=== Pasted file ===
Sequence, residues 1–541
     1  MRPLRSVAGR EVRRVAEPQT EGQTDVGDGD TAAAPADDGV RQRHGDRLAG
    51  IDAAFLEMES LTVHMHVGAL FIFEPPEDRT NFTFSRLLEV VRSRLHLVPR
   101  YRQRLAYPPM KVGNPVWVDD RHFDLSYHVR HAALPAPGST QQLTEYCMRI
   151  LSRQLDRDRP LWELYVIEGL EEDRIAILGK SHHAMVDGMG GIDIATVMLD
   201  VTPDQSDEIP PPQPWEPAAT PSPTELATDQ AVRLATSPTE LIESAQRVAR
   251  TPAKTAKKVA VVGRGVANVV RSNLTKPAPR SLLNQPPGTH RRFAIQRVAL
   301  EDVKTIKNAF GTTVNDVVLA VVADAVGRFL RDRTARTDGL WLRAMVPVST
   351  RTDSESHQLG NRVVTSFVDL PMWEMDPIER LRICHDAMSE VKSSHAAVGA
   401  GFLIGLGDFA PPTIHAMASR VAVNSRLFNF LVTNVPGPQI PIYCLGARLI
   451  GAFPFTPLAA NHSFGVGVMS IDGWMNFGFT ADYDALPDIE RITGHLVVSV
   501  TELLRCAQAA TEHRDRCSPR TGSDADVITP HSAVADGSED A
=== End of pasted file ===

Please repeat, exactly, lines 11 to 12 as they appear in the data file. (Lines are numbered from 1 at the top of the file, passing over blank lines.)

   451  GAFPFTPLAA NHSFGVGVMS IDGWMNFGFT ADYDALPDIE RITGHLVVSV
   501  TELLRCAQAA TEHRDRCSPR TGSDADVITP HSAVADGSED A